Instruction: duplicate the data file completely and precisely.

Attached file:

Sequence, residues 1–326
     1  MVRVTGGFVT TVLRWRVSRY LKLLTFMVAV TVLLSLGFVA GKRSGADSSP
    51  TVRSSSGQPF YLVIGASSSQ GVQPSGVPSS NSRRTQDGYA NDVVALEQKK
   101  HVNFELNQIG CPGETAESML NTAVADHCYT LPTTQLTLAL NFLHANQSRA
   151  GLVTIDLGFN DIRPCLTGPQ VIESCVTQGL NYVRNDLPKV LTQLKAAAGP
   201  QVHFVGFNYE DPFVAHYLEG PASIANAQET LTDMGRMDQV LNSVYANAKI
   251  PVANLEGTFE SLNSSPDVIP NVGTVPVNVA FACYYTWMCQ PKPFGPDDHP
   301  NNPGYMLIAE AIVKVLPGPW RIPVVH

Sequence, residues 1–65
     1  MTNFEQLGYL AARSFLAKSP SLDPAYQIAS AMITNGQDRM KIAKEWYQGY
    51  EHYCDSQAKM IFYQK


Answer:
Sequence, residues 1–326
     1  MVRVTGGFVT TVLRWRVSRY LKLLTFMVAV TVLLSLGFVA GKRSGADSSP
    51  TVRSSSGQPF YLVIGASSSQ GVQPSGVPSS NSRRTQDGYA NDVVALEQKK
   101  HVNFELNQIG CPGETAESML NTAVADHCYT LPTTQLTLAL NFLHANQSRA
   151  GLVTIDLGFN DIRPCLTGPQ VIESCVTQGL NYVRNDLPKV LTQLKAAAGP
   201  QVHFVGFNYE DPFVAHYLEG PASIANAQET LTDMGRMDQV LNSVYANAKI
   251  PVANLEGTFE SLNSSPDVIP NVGTVPVNVA FACYYTWMCQ PKPFGPDDHP
   301  NNPGYMLIAE AIVKVLPGPW RIPVVH

Sequence, residues 1–65
     1  MTNFEQLGYL AARSFLAKSP SLDPAYQIAS AMITNGQDRM KIAKEWYQGY
    51  EHYCDSQAKM IFYQK